Egyptian Coffins and Sarcophagus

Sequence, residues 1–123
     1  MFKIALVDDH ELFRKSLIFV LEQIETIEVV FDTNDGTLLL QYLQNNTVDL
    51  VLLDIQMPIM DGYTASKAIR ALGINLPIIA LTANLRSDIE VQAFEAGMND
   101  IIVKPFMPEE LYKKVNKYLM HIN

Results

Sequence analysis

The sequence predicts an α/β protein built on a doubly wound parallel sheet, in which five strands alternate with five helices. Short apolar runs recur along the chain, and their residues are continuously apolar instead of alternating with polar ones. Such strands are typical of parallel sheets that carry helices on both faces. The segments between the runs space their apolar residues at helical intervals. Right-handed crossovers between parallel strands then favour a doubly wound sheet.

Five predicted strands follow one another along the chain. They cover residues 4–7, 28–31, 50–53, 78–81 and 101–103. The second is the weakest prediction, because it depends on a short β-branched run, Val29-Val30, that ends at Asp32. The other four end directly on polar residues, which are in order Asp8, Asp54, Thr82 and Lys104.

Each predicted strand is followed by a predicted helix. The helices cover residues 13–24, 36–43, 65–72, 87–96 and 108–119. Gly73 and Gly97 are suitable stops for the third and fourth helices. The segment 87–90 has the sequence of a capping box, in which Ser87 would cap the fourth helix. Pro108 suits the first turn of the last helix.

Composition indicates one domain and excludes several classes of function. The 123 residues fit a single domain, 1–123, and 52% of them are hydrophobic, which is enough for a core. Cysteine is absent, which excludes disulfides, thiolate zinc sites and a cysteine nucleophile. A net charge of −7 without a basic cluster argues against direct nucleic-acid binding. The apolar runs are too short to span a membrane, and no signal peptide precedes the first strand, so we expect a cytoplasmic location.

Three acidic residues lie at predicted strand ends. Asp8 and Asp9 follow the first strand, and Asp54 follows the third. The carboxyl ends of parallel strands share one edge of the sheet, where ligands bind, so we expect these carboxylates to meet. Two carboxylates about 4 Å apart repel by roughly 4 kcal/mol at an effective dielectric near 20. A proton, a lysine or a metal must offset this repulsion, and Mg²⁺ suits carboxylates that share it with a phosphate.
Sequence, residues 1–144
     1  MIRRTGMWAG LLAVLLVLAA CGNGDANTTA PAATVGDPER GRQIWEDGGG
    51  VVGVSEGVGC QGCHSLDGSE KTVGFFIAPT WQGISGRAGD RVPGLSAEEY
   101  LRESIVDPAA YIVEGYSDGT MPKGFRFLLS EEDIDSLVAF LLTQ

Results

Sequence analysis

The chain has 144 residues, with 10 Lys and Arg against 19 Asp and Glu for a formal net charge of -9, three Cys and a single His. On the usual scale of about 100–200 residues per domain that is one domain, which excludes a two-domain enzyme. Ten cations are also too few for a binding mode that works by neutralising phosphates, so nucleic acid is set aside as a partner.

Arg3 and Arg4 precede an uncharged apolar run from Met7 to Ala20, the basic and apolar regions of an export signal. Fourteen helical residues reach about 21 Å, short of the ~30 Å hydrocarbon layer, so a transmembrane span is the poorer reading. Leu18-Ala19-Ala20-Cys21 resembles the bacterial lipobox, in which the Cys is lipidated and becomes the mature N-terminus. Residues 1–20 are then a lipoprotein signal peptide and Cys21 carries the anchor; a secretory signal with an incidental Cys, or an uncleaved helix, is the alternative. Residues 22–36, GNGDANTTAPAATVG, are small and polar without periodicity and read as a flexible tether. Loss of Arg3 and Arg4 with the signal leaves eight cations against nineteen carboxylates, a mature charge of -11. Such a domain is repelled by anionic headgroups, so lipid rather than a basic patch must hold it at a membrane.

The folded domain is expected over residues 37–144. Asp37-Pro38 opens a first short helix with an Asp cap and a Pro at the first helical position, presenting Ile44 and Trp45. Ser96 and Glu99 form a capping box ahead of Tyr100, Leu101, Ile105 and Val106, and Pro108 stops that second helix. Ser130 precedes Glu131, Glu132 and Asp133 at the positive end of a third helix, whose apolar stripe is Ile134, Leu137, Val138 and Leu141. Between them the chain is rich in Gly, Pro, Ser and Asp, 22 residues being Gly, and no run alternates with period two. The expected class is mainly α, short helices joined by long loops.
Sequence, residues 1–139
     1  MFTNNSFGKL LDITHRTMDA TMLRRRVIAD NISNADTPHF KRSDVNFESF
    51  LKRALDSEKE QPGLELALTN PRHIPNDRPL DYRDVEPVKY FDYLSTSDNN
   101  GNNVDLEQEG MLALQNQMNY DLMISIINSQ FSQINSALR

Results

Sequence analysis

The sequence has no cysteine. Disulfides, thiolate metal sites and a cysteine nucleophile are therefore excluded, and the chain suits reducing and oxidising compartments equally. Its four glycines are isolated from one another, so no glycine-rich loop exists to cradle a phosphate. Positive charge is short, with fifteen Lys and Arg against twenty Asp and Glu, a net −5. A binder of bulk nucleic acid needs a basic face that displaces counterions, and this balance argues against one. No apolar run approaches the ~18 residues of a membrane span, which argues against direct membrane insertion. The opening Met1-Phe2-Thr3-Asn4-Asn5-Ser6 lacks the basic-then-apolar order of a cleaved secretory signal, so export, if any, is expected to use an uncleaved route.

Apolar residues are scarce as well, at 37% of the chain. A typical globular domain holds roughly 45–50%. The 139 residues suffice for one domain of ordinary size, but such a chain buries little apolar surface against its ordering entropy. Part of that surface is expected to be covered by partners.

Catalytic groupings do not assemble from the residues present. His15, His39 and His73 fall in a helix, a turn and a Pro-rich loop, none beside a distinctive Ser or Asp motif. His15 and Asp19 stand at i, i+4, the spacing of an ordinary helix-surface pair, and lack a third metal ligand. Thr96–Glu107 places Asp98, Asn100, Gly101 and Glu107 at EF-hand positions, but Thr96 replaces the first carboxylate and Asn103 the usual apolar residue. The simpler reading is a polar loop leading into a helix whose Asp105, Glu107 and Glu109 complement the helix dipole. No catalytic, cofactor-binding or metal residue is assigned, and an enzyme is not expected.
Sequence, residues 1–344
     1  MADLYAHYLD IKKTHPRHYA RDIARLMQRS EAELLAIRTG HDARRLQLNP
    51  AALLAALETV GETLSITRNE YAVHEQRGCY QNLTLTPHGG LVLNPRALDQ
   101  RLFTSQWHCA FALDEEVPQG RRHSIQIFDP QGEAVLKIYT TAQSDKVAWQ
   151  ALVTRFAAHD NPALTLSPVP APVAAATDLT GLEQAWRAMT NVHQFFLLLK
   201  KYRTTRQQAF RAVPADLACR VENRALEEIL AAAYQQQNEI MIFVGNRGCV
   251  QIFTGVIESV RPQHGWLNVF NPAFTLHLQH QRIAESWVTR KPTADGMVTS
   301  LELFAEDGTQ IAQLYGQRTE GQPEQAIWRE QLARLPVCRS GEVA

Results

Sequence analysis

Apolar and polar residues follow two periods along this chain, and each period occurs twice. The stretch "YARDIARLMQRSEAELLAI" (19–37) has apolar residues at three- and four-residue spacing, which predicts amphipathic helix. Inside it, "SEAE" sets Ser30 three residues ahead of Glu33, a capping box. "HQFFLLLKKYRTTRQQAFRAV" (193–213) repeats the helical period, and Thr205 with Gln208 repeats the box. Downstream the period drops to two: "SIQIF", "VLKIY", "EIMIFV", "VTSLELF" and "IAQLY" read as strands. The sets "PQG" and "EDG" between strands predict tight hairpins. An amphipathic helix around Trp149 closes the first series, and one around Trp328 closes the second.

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The term 鈥淐 offin 鈥?is usually applied to the rectangular or anthropoid container in which the Egyptians placed the mummified body, whereas the word 鈥 淪 arcophagus 鈥?(Greek: 鈥淔 lesh-Eating 鈥? is used to refer only to the stone outer container, invariably encasing one or more coffins. The distinction made between these two items of Egyptian funerary equipment is therefore essentially an artificial one, since both shared the same role of protecting the body of the deceased. In terms of decoration and shape, coffins and sarcophagi drew on roughly the same iconographic stylistic repertoire. The earliest burials in Egypt contain no coffins and were naturally desiccated by the hot sand. The separation of the body of deceased from the surrounding sand by the use of a coffin or sarcophagus ironically led to the deterioration of the body, perhaps stimulating developments in mummification. The religious purpose of the coffin was to ensure the well-being of the deceased in the afterlife, literally providing a 鈥渉 ouse 鈥?for the 鈥淜 a 鈥? The earliest coffins were baskets or simple plank constructions in which the body was placed in a flexed position. From these developed and valuated house-shaped coffins that remained in use into the fourth Dynasty (2613 鈥?2494 BC). At around this time, the Egyptians began to bury the deceased body in an extended position, perhaps because the increasingly common practice of evisceration made such an arrangement more suitable. By the end of the Old Kingdom (2181 BC), food offerings were being painted on the inside of coffins as an extra means of providing sustenance for the deceased in the event of the tomb chapel being destroyed or neglected. In the Old & Middle Kingdom, a pair of eyes was often painted on the side of the coffin that faced east when it was placed in the tomb. It was evidently believed that the deceased could therefore look out of the coffin to see his or her offerings and the world from which he or she had passed, as well as to view the rising Sun. Decorated coffins became still more important in the First Intermediate Period (2181 鈥?2055 BC), when many tombs contained little mural decoration. It was thus essential that coffins themselves should incorporate the basic elements of the tomb and by the Middle Kingdom (2055 鈥?1650 BC), they often incorporated revised extracts of the Pyramid Texts, known as the coffin texts. This change reflects the increased identification of the afterlife with Osiris, rather than the Sun-God 鈥淩 a 鈥? Anthropoid coffins first appeared in the 12th Dynasty (1985 鈥 ?1795 BC), apparently serving as substitute bodies lest the original be destroyed. With the New Kingdom (1550 鈥?1069 BC), this form of coffins became more popular and the shape became identified with Osiris himself; his beard and crossed arms sometimes being added. The feathered, rishi coffins of the 17th and early 18th Dynasty were once thought to depict the wings of the goddess Isis, embracing her husband Osiris, but are now considered by some scholars to refer to the BA bird. Rectangular coffins were effectively replaced by anthropoid types in the 18th Dynasty; but some of their decorative elements were retained. In the Third Intermediate Period (1069 鈥?747 BC), coffins, papyri and stelae became the main vehicles for funerary scenes that had previously been carved and painted on the walls of tomb chapels. The principal feature of most of the new scenes depicted on coffins was the Osirian and solar mythology surrounding the concept of rebirth, including the judgment of the deceased before Osiris and the journey into the underworld, the voyage of the Solar Bark and parts of the Litany of Ra. Among the new scenes introduced in the decoration of coffins and on funerary papyri was the depiction of the separation of the earth-god Geb from the sky-goddess Nut. The excavation of the 21st & 22nd Dynasty royal tombs at Tanis has provided a number of examples of the royal coffins of the period (although the sarcophagi were sometimes reused from the New Kingdom). The cache of mummies of high priests of Amun at Deir el-Bahri has also yielded a large number of private coffins of the 21st Dynasty (1069 鈥?945 BC). It was also from the end of the New Kingdom onwards that the interiors of the coffins began to be decorated again; beneath the lid-especially in the 22nd Dynasty (945 鈥?715 BC), there was often a representation of Nut, while the 鈥済 oddess of the West 鈥? Hathor, or the Djed Pillar began to be portrayed on the coffin floor. During the Late Period, extracts from the Book of the Dead were sometimes also inscribed inside the coffin. In the 25th Dynasty a new repertoire of coffin types, usually consisting of sets of two or three (including an inner case with pedestal, an intermediate anthropoid outer coffin), was introduced, becoming established practice by the 26th Dynasty. Late Period coffins were characterized by archaism, involving the reintroduction of the earlier styles of coffin decoration, such as the provision of the eye panel. There are comparatively few excavated burials dating from c.525 to 350 BC, but more coffins have survived from the succeeding phase (30th Dynasty and early Ptolemaic Period), when they typically have disproportionately large heads and wigs. During the early Ptolemaic Period, many mummies were provided with cartonnage masks and plaques, fixed on to the body by strips of line. www.sadighgallery.com and the religious purpose of the coffin was to ensure the well-being of the deceased in the afterlife, literally providing a 鈥渉 ouse 鈥?for the 鈥淜 a 鈥?